Grade 2 students at Thorburn Consolidated School learned a fun way to go green for the holidays! Teacher Mary Webber-Cook wanted to incorporate some fun, hands-on learning for her 18 Grade 2 students who learned a lot about environmental sustainability in Social Studies. The holiday season is known as a time of excessive waste (think of the electricity, wrapping materials, food waste, etc.).
We know that our energy consumption goes up in the winter. Between heating our homes, needing lights more hours per day because of shorter days, and plugging in our cars so they start in the cold weather, we use a lot of energy in the winter! One important way to save energy and improve our health and well-being is to get outside as often as possible. Winter Walk Day is a reason to go for a walk, ski or snowshoe adventure!
We are officially in Winter, a time when we need to do our best to stay warm and well. The winter season usually leads to higher bills than the summer for heating costs. Our bodies need a comfortable temperature and when it is cold, we naturally do things to keep ourselves warm and healthy. The most common thing people do to stay warm indoors is to crank the heat up a few degrees. This ends up increasing power or oil bills, depending on what type of heating systems are in place.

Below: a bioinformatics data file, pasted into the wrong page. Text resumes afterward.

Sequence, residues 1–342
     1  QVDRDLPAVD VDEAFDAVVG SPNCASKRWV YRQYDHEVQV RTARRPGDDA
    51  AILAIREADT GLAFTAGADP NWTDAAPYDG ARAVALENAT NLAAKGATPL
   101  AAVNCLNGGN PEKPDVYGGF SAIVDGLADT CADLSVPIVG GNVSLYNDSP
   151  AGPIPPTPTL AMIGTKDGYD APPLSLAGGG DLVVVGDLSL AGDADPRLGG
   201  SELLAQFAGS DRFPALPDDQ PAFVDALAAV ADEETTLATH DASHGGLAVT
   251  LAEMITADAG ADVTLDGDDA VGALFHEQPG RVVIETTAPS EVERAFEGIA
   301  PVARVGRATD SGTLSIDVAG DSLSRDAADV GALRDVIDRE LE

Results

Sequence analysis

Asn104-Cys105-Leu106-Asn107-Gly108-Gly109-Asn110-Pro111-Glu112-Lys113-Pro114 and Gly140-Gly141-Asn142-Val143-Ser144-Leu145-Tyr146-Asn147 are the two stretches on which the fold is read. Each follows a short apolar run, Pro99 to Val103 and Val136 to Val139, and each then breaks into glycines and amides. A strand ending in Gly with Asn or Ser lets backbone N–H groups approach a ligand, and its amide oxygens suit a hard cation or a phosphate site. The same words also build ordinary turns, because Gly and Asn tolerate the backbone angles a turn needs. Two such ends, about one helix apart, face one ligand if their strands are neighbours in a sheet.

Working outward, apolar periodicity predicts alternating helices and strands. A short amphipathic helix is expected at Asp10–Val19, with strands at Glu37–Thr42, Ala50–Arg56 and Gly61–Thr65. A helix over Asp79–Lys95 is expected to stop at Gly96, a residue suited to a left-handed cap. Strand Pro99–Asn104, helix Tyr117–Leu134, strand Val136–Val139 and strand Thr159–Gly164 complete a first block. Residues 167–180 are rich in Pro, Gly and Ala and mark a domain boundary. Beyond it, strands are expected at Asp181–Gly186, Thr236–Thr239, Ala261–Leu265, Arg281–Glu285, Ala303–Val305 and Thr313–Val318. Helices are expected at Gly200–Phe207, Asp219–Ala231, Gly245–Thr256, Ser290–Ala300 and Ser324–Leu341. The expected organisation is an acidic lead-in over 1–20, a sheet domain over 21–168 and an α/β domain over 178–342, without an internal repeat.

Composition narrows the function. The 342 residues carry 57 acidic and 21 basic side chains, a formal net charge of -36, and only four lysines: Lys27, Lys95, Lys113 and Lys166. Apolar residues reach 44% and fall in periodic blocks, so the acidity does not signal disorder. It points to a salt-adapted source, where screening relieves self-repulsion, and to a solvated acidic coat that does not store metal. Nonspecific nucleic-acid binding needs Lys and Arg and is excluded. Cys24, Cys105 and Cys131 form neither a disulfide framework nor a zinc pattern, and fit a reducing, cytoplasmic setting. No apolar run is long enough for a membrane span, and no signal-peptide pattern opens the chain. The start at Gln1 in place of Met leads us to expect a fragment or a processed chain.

I had a wonderful time visiting the Environmental Systems and Societies students at Citadel High School in Halifax last month. The students had been learning about pollution and investigating its connections to commercialism and consumerism. Investigating concepts from 'The Story of Stuff'.
On a recent visit to Bicentennial School on December 12th, I met two engaged classes of grade nine students and we worked on ideas to help our community be more efficient with our resources. During the presentation, we touched on the topic of climate change as a top reason why it is important for us all to try to limit our greenhouse gas emissions. We hear about climate change and global warming on the news so often that the issue is starting to be seen as commonplace despite its magnitude.